The type of application you mention will never make it trough the App Store's reviewal process, it will simply get rejected for "not working as advertized". Thus you will never find an application like that on the App Store. Which kind of proves the point for a curated market place.
This is a very rough review process that they have though. There are tons of applications on iOS which barely work at all, exhibit terrible performance or crashes, and still pass the App Store review process.

Really? I never came across a software on the App Store which didn't work as advertized. Granted, I haven't tried all of them, I'm not that rich. ;)

Conversely, legit demos of commercial software, which allow users to try before buy, are not welcome on the App Store.

Sure they are. Gameloft, for example, publishes both free demos and paid versions of their games.

Apple had this app pulled fairly quickly though.

First, quality magazines and websites tend to focus on a small range of reviewed applications, and take a lot of care in reviewing them. While Apple employees just run new software for five minutes, check that it has no obvious flaw, and jump to the next one. They don't have the time to do more.

Second, if you discover that a website's review process is flawed (like, I don't know, they are paid by companies to write positive reviews of some software and negative reviews of others), you can just ditch that website and find another one of better quality. With Apple's system, if Apple's review process is flawed and ditches legit software (such as demos), there is no way you will ever get that software on your device through another mean, except if you feel like letting suspicious jailbreak code drill through your device's software protections.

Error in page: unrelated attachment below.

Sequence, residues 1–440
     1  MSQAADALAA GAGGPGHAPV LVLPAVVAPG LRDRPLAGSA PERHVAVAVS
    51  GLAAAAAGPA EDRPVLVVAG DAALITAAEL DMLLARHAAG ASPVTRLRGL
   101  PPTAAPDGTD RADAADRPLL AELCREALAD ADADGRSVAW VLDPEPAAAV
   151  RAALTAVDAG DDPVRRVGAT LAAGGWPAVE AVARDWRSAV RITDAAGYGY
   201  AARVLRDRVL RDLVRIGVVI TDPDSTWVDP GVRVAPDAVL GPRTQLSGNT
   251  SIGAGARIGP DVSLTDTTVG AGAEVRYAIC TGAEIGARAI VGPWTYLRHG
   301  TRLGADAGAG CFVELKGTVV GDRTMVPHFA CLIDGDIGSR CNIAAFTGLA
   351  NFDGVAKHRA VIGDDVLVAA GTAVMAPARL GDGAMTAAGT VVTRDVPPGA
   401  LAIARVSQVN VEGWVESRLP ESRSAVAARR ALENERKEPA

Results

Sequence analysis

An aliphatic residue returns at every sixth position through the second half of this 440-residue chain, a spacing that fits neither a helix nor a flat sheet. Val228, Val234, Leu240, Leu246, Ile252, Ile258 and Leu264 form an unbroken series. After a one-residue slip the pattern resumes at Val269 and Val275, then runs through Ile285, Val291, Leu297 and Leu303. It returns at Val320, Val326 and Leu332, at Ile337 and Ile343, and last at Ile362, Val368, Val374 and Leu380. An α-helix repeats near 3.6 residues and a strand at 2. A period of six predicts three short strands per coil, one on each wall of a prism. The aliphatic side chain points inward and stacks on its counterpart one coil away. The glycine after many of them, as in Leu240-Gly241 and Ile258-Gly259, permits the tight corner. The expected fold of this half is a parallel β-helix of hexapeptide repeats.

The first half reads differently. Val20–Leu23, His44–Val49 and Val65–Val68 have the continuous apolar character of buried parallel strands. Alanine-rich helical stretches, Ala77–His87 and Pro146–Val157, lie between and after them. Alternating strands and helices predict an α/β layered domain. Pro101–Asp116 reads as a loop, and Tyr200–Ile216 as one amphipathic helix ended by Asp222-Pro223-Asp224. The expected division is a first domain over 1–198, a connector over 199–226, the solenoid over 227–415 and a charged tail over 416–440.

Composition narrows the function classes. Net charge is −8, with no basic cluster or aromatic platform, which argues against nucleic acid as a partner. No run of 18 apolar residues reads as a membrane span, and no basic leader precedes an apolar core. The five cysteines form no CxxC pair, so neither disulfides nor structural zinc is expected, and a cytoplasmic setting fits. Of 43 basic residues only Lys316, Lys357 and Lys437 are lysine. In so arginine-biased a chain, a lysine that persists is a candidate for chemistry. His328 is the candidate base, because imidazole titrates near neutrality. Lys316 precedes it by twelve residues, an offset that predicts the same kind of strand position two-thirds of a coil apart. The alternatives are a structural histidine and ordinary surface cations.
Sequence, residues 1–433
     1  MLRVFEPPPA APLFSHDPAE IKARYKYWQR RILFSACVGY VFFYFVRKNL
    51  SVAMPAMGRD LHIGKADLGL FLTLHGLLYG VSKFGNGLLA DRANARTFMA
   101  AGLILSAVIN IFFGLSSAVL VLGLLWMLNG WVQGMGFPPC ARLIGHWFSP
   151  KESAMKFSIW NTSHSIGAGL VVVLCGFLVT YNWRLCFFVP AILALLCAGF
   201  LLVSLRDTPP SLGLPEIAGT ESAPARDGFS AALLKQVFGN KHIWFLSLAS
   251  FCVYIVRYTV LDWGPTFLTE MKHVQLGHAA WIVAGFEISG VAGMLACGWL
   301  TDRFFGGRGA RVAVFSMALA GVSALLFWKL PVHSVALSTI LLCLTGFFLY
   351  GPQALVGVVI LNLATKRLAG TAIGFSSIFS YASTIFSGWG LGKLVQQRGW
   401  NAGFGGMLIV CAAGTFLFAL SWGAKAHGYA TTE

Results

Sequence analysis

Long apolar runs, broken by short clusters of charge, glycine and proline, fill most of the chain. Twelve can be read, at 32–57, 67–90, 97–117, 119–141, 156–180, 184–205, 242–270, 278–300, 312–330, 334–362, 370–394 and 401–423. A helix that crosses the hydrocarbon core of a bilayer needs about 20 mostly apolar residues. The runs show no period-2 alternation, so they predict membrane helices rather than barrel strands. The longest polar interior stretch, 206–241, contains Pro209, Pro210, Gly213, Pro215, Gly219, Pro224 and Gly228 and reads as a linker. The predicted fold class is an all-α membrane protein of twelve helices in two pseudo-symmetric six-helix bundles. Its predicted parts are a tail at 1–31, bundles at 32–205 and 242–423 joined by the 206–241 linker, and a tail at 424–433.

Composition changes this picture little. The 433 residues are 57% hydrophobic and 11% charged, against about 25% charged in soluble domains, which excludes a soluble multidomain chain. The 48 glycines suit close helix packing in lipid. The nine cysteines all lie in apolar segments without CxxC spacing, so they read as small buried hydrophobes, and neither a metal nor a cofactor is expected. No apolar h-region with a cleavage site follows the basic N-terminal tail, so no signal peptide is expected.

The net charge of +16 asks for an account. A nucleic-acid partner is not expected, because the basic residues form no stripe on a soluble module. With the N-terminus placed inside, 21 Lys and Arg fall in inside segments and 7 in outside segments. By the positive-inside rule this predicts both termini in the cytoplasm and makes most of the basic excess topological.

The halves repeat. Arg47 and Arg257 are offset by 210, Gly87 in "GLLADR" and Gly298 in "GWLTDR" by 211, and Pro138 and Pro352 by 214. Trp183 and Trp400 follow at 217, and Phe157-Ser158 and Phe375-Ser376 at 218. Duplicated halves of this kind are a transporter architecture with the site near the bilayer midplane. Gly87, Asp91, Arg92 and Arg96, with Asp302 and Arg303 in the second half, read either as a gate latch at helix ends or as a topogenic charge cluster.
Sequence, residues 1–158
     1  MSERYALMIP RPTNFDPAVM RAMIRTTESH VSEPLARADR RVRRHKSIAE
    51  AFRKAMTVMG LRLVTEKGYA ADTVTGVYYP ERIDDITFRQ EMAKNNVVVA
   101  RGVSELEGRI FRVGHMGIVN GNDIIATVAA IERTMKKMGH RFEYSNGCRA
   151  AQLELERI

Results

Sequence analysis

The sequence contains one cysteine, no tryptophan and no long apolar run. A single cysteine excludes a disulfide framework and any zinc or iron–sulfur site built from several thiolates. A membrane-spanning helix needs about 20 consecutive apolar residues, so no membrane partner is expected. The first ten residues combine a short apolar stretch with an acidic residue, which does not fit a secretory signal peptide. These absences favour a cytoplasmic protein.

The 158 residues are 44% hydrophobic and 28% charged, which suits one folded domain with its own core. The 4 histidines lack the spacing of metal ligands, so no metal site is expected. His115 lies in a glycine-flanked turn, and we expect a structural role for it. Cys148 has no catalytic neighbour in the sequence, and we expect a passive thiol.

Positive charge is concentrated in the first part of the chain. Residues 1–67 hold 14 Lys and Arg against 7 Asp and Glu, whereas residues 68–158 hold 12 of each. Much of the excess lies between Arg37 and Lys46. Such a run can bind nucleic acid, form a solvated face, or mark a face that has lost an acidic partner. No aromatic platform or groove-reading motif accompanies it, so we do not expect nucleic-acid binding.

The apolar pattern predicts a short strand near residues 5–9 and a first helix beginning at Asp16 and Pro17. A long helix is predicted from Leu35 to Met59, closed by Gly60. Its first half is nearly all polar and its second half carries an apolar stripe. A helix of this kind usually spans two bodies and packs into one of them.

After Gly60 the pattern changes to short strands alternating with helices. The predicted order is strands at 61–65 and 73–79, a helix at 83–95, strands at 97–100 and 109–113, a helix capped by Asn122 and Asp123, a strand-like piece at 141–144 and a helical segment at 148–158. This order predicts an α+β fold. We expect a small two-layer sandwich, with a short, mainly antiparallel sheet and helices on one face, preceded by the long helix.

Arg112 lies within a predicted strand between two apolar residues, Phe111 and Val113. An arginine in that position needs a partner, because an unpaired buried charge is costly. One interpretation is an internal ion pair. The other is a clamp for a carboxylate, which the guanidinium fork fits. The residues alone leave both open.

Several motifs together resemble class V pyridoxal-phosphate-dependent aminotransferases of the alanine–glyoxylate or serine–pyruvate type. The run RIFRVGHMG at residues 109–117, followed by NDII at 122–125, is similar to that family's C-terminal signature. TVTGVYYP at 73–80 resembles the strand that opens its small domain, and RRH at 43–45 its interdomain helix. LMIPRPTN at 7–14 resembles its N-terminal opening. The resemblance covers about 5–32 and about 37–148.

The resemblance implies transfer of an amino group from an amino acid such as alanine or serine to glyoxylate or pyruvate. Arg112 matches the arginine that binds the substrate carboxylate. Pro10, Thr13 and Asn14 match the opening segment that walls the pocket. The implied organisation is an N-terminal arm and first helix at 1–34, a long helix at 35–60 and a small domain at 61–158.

I'm not saying there isn't headroom for improvement in Apple's reviewal process. The people who do it are mortals like you and me. However, especially for smartphones, I think its a good move to make, because of the added dangers of smartphones when compared to PCs.

I do not want one OS to rule the whole computer world, but I want OSs to broaden their hardware and software horizons a bit. To this end, computers with locked-down hardware and software should also disappear, or at least become a minority.

I don't share your view. Microsoft tried this approach (Windows Everywhere) to the smartphone and tablet market. It never became a success. It took a new way of doing things (iOS) which reinvented the basic concepts on how to deal with apps on a UI level for such a product to become usable. Other devices require other ways of doing things in order to be truly useful for the masses. If they don't succeed in this, they primarily end up being geek toys.

In France, most smaller book shops will let you order any book that they don't have in store, provided that it's in the standard publishing circuit.

The publishing cirquit in itself is also already a reviewing process.